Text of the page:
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Any issues with Javascript in Submit Buttons?

 12:58 am on Sep 22, 2008 (gmt 0)


I am looking into Magento shopping cart, but it has javascript for validation in every Add to Cart button. Seems like this is a potential issue. Having trouble figuring out what percentage of users don't have javascript enabled.

Any advice would be appreciated from people using javascript validation.




 1:08 am on Sep 22, 2008 (gmt 0)

Javascript validation is useful because it offers an immediate response; however this should never be relied upon by your system as it is far too easy to bypass.

To test your particular code, disable javascript and then try to submit an incorrectly completed form. The server side software (e.g. PHP) should catch the error and inform you even though Javascript missed it.

I am not sure what Magento does in this regard; do feel free to post back your results.


 1:56 am on Sep 22, 2008 (gmt 0)

Thanks for the reply. I'm not as concerned about the validation portion of it, but more of the user not being able to add it to the cart because of the javascript.

If the user has javascript disabled, they won't be able to add it to their cart. But just not sure what % of users this would apply to. Or is it safe to assume that everyone has javascript enabled nowadays.



 2:39 am on Sep 22, 2008 (gmt 0)

is it safe to assume that everyone has javascript enabled nowadays
I don't have any stats to hand, but my guess is 'to the contrary, more and more'; given how many times the NoScript extension for Firefox has been downloaded AND how often I read that WebTV, mobile phones, and PDAs have limited support for JavaScript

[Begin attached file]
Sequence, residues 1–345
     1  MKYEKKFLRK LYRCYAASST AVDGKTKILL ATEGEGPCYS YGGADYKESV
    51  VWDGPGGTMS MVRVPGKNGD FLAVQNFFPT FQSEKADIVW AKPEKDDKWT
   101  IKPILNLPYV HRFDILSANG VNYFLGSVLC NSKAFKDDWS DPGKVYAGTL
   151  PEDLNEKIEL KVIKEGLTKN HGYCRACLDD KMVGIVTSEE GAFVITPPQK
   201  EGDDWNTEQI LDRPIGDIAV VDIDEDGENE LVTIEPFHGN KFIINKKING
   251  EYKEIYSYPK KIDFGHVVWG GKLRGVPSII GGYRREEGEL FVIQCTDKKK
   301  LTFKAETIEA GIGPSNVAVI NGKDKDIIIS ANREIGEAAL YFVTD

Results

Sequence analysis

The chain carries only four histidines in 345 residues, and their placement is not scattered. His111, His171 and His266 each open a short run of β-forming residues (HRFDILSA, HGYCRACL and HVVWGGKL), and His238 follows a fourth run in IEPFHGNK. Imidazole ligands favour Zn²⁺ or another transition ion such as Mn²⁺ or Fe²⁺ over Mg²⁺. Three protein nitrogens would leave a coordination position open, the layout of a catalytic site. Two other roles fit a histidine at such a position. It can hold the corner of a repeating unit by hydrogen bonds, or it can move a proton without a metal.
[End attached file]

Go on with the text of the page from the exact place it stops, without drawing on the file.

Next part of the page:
4:09 am on Sep 22, 2008 (gmt 0)

Typically; Javascript should not block the ability of the user to use the system. Here's an example of what I consider to be a way to use it that degrades reasonably well:

<form method="POST" action="addtocart">
<input type="text" name="quantity" value="1">
<input type="hidden" name="product" value="widget">
<input type="submit" onClick="javascript:return validation()" value="Add To Cart">

The function 'validation()' should return 'true' on success; and 'false' on failure (along with visual feedback about the problem).

When a user with Javascript clicks the submit button, the function 'validation()' is executed. Only when 'true' is returned does the form then submit.

When a user without Javascript clicks the submit button, the onClick does nothing (is ignored). The browser proceeds to submit the form. Server side code (Perl, PHP, ASP, etc.) will then detect if there's something wrong with the entry.

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